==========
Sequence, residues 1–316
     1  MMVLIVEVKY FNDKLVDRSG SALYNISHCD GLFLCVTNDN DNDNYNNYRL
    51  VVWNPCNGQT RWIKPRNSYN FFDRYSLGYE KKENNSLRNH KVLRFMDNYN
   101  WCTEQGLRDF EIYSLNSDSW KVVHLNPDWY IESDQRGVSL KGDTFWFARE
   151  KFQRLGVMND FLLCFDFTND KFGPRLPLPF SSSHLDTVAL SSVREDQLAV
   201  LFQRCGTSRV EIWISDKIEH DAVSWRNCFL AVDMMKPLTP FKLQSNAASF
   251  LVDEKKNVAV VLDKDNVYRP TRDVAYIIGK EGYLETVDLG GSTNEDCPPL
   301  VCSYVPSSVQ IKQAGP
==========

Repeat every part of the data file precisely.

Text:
Sequence, residues 1–316
     1  MMVLIVEVKY FNDKLVDRSG SALYNISHCD GLFLCVTNDN DNDNYNNYRL
    51  VVWNPCNGQT RWIKPRNSYN FFDRYSLGYE KKENNSLRNH KVLRFMDNYN
   101  WCTEQGLRDF EIYSLNSDSW KVVHLNPDWY IESDQRGVSL KGDTFWFARE
   151  KFQRLGVMND FLLCFDFTND KFGPRLPLPF SSSHLDTVAL SSVREDQLAV
   201  LFQRCGTSRV EIWISDKIEH DAVSWRNCFL AVDMMKPLTP FKLQSNAASF
   251  LVDEKKNVAV VLDKDNVYRP TRDVAYIIGK EGYLETVDLG GSTNEDCPPL
   301  VCSYVPSSVQ IKQAGP